Big news: we already found your your summer 2022 reading pick. Lara Williams, the author behind Supper Club and A Selfie as Big as the Ritz, is releasing a riveting new story on April 26, 2022 called The Odyssey, from new independent publisher Zando. The book follows a young woman named Ingrid, who works onboard a high-end cruise liner. Luxe as it sounds, most of Ingrid’s positions have been…humbling. While her weekends are full of local exploration and random hookups, her workdays are mostly spent manning the cash register on the boat’s gift shop.
So when the liner’s spirited captain plucks her out of the crowd to join an intense employee mentoring program, she’s ready to dive in. Too bad it’s way more difficult than meets the eye! Keep reading for an exclusive selection from Lara’s upcoming novel, and check out the never-before-seen cover (designed by Evan Gaffney and illustrated by Alicia Tatone) above.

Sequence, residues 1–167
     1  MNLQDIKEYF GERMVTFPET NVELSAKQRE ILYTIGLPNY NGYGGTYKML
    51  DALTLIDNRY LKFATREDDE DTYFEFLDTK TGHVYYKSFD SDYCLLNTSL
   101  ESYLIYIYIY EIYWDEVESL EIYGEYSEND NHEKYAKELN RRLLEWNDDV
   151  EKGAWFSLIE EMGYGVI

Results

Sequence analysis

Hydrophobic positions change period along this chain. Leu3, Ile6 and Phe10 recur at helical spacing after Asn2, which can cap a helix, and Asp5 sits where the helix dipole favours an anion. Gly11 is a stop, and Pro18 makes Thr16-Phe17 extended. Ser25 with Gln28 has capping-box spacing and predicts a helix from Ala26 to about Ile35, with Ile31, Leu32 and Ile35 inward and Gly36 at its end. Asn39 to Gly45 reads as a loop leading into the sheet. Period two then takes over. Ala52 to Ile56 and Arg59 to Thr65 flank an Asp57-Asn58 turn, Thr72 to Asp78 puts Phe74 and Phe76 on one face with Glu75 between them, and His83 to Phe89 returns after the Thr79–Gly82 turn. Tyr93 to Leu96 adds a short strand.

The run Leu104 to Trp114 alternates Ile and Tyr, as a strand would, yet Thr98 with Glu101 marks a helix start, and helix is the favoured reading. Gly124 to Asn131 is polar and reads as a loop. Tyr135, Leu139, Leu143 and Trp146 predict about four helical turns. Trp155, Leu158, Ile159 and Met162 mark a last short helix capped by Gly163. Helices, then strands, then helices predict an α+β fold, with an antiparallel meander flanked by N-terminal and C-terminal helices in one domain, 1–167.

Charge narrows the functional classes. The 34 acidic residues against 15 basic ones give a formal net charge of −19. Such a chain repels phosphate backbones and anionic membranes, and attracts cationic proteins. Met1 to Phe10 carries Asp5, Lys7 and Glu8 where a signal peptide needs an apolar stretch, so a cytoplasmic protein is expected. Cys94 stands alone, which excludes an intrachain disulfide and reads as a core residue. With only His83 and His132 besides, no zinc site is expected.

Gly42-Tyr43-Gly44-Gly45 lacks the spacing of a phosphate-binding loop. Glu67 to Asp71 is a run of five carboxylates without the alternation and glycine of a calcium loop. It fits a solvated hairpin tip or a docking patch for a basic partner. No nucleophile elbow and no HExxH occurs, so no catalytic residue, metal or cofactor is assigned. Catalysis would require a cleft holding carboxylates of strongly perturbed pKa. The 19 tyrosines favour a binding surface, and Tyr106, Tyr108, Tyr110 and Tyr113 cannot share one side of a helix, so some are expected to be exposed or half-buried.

I got the memo while on rotation in the gift shop. I liked working at the gift shop and I particularly liked working the cash register. It was positioned in the middle of the shop, a single column of heavy wood. It felt like I was sailing the ship. I’d rest my elbows against it while surveying the space, breathing stale, recycled air. I’d watch customers move lethargically between the aisles and pretend I was in charge of them all, issuing instructions in my head. Sometimes they would obey my instructions and I would get a very warm feeling, the kind of feeling I used to get from watching a video of a dog on the internet. It would sustain me for a little while.